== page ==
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lilhorseladie

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I haven't been here for a long time. Too busy when I'm teaching, but school got out last Wednesday and now I can come back to read and learn.

My last year foal started showing signs of locking stifle, and now drags his whole back end. I made an appointment to put him down next Tuesday. It makes me sad. I called several colleges to see if maybe they would want to do some practice work on him, but no luck. So I can only think the humane thing to do is to put him down. It makes me sad. I didn't re breed either parents last year or this year. I won't. I have sold the Stallion and the mare is just hanging out, looking for a pet home.

Well, I am going to read up on some of the events of the last year!

Thanks,

Staci
 

hobbyhorse23

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I'm sorry to hear about that. Have you considered the surgery to fix it?
I certainly wouldn't breed the animal but it's quite possible for him to have a happy, healthy life for the same cost as having him put down.

Leia
 

kaykay

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Locking stifle is not usually a fatal condition. No I would never rebreed the two and I would not breed him but it doesnt mean he has to be put down. The surgery to snip it is not that expensive and can be done right at the farm.
 

Miniv

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Have you talked to a vet about this? It it is indeed his stifles, it is correctable, as others have posted.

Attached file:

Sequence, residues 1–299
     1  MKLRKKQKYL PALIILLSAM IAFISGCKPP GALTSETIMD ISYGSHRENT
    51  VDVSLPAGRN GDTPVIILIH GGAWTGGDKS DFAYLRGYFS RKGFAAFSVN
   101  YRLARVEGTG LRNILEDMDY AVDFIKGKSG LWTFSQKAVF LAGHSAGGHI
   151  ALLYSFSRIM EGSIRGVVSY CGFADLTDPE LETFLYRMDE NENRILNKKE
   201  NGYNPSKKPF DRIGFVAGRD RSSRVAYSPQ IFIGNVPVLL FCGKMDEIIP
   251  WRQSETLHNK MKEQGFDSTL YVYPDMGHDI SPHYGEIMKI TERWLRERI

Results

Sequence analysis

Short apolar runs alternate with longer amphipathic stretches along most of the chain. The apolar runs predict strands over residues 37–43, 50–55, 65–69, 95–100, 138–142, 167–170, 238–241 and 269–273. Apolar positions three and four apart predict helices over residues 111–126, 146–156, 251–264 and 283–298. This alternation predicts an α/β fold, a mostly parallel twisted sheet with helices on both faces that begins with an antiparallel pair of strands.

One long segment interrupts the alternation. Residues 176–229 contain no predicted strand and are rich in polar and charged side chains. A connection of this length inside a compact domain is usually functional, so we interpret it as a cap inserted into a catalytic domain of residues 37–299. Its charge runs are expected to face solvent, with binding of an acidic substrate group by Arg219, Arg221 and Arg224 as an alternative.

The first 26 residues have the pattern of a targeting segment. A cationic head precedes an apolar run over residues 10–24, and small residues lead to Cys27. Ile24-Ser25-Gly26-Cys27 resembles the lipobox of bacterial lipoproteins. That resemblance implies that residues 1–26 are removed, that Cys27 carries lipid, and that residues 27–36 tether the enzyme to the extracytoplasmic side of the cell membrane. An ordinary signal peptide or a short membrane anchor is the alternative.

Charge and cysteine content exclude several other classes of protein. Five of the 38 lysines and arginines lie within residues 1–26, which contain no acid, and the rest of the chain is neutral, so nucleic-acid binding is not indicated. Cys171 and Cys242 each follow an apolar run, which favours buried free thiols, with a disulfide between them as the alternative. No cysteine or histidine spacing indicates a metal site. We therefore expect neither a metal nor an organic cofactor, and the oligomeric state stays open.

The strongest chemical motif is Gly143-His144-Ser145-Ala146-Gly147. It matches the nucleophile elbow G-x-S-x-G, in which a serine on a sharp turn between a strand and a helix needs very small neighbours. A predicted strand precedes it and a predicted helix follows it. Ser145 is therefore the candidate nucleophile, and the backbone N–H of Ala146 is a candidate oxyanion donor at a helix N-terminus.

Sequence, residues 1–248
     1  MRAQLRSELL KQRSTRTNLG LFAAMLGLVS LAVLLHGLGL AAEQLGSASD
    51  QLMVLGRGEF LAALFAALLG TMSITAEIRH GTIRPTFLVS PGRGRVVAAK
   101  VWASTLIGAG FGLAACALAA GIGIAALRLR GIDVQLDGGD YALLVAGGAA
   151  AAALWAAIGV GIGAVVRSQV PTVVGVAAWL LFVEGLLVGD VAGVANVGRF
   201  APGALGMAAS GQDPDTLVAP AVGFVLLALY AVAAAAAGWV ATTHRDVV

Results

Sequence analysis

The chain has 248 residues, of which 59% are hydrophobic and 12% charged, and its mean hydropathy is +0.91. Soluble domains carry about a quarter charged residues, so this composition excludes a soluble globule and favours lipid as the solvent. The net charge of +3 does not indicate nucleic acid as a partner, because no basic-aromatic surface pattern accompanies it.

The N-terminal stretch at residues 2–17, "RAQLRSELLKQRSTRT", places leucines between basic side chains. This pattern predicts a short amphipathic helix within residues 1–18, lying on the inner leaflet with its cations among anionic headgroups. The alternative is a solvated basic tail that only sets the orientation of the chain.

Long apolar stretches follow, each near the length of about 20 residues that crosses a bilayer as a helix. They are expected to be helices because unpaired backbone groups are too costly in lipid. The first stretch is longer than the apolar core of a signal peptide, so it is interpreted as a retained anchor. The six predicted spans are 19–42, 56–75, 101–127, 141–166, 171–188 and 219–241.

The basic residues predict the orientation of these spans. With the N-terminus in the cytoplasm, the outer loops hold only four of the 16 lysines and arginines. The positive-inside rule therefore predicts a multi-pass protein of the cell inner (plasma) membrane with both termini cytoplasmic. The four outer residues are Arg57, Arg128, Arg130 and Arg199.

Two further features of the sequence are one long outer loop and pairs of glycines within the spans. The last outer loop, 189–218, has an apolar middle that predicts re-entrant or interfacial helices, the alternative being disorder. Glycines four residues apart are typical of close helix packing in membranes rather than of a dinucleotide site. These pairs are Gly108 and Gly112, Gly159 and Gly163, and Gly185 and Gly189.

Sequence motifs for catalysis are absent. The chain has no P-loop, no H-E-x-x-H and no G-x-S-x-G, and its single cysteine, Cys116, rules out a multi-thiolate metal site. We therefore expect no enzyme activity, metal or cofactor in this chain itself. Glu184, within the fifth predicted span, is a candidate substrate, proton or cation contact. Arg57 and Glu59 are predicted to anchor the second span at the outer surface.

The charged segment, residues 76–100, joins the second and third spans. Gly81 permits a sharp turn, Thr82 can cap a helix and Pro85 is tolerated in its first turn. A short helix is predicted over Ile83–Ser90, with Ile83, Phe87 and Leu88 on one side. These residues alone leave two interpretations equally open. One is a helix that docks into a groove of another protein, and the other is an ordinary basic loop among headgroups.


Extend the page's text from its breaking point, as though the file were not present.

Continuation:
terrid

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Years ago I had a shetland that had a locking stifle and we had the vet fix it and he turned out great. NOW I have a horse that has the same problem but not as bad and now the vet and farrier says that exercise, exercise, exercise, that is the best thing for it and it is. Please don't put him down for that, I'm sure someone would take him if you didn't want to mess with it.
 

Marnie

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I too had a horse like that a few yrs ago, an auction horse turned out to have locking stifles. The surgery was only about $120 and took about ten minutes, just makes a couple small cuts and the horse had no more problems. If you haven't looked into this surgery, I'd think you would want to before just putting him down but good luck with whatever you do.
 

lilhorseladie

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I have had the vet take a look at Shadow. Both stifles are locked most of the time and he is pulling himself around completely by his front legs. The vet said it didn't look good as far as trying to fix the problem. The vet coming out is a different person, I'm willing to listen, but not willing to let a yearling suffer because I don't want to let him go.

Thanks all!
 

Russ

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Staci, I have no advice. Just wanted to say good luck and glad to see you posting on the forum.
 

Marnie

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Oh Staci, I hope I didn't come across as judgemental, that's not what I meant at all. I was just wondering if you'd known or looked into the surgery. I know that you can't let a horse be in pain and to put one down is always a tough decision. Again, I'm sorry if I sounded harsh, please forgive me, I didn't mean to come across as rude or snotty.
 

lilhorseladie